The protestors sang Tamil songs in tones not particularly pleasant on the ears. Milret’s was one of the most cheered voices. With a fist raised and a scarf around her head for the harsh sun, she shouted, “Vendaam, vendaam, anu ulai vendaam! (No, no, we say no to nuclear energy!)”

At that moment the police in the distance seemed to have a lost look on their faces, like castaways on an island.


Demonstrators lie on a road during a protest near the Kudankulam nuclear power project. (Reuters)

What about safety and liability? Emergency measures? Radiation levels? And the safe handling of the nuclear waste? When the villagers ask these simple but important questions, they are dismissed as alarmist. Many have caricatured their knowledge.

But someone like Amartya Sen, the economics Nobel laureate, in his latest book An Uncertain Glory that he has co-authored with Jean Dréze, raises these same very valid concerns. Highlighting the lack of transparency of the nuclear establishment, Sen and Dréze state clearly that “reliable facts” about the various nuclear establishment institutions “are hard to ascertain”. They go on to mention the alarm bells that even the International Atomic Energy Agency (IAEA) has been sounding when it says that, “There is enough evidence to suggest that the Indian civilian nuclear establishments are in fact particularly unsafe.”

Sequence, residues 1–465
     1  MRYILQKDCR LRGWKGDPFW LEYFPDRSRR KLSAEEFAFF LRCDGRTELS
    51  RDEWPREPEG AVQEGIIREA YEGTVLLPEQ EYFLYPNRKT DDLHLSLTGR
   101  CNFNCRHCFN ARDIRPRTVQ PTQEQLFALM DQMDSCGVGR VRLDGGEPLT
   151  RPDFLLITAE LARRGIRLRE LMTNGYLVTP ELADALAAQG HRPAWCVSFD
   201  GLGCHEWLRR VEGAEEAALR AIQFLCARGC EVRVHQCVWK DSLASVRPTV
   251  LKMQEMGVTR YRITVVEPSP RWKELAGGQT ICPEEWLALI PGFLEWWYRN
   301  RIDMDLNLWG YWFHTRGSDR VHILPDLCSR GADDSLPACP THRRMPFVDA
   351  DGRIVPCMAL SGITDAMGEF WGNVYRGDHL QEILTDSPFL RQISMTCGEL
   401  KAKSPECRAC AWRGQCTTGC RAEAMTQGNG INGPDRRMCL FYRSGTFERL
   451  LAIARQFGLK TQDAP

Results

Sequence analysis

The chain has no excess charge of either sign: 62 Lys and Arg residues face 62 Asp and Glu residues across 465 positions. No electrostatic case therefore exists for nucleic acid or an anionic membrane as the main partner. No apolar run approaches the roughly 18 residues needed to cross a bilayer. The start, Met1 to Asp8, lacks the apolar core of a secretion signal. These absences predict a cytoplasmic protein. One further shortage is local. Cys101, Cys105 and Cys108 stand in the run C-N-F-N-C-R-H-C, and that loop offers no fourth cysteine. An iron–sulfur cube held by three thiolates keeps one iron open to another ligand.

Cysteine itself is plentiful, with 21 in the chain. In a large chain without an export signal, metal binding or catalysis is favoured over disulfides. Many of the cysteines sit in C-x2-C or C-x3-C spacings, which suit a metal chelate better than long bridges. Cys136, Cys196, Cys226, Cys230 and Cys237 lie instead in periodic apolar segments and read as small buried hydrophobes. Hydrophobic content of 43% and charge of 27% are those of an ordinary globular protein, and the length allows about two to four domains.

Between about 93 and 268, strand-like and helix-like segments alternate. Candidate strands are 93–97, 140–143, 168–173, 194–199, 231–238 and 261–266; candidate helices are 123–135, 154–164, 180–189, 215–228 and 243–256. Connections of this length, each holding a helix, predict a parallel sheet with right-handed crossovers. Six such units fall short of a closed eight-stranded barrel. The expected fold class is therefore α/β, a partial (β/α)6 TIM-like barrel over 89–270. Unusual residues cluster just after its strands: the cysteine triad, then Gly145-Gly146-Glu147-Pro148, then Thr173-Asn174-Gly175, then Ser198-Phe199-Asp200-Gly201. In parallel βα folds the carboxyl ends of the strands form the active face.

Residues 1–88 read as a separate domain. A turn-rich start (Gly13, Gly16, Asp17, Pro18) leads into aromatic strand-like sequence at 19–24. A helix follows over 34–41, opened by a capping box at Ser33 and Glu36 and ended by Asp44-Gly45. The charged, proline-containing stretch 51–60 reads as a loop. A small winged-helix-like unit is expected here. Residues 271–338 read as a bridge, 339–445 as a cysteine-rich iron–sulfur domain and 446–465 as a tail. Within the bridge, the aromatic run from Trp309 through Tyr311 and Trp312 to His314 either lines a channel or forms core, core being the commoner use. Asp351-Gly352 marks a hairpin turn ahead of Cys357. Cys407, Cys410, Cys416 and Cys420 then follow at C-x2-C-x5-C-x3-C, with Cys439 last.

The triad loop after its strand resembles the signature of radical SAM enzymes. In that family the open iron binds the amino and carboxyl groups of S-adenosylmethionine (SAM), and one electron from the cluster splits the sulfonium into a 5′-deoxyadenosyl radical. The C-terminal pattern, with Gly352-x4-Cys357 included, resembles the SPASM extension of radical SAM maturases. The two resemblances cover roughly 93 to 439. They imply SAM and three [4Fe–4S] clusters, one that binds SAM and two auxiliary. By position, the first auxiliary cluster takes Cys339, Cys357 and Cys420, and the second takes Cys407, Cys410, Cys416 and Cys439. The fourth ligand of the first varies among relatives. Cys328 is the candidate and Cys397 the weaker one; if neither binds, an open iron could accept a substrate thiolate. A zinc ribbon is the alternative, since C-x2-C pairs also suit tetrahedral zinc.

Then there is the plant’s faulty location. Raj Leon elaborates: “The Department of Atomic Energy chose a location for the plant which they thought was a homogenous rock, a very hard [charnokite] rock. But studies say that this hard rock, which is around 1 km in diameter, is crisscrossed by soft [calcareous] rocks, which they didn’t expect when they started digging.” He says this “makes the basement weak and can lead to liquefaction, or even sinking of the rock.”

He mentions Dr R Ramesh, a medical doctor who supports the movement and who has written several pamphlets and a book highlighting these concerns. Ramesh told the villagers that “when they [NPCIL] discovered their mistake, they did cement grouting and concluded that they ‘expect’ the rock to behave ‘homogenously’.”

The geological information cited by Ramesh and Raj Leon can be easily found in several reports in the public domain. After months of extensive research, the PMANE submitted these reports in early 2012 to the KKNPP authorities and their so-called experts for discussion, but there has been no response till date.

Raj Leon and his comrades such as V Rajalingam and Peter Milton offer me a whole list of other environmental hazards of building the plant at the current location, such as the plant’s close proximity to human habitations. Or how rock melt extrusions prove that the area has a history of and is susceptible to volcanic eruptions.

It’s important to remember the context that the present clearance process, which mandates an Environment Impact Assessment (EIA) study for governmental projects like nuclear plants, industries etc., was formally introduced only in 1994. By then, the Koodankulam units 1 and 2 had already received environmental clearances from the Ministry of Environment and Forests (MoEF) on May 9, 1989. So, in effect, the first two units don’t even have an official sanction as per today’s standard.